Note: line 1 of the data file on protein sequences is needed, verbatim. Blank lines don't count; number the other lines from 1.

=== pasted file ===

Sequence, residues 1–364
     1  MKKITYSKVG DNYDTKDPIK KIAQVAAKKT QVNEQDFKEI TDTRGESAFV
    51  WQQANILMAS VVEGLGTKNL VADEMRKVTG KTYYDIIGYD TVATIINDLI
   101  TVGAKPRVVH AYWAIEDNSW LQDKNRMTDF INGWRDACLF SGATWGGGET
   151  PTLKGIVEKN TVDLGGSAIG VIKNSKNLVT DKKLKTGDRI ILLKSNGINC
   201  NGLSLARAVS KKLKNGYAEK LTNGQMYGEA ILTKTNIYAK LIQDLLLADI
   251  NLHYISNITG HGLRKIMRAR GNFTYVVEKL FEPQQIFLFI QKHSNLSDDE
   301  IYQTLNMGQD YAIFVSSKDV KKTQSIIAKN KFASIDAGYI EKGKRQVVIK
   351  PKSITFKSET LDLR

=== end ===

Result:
Sequence, residues 1–364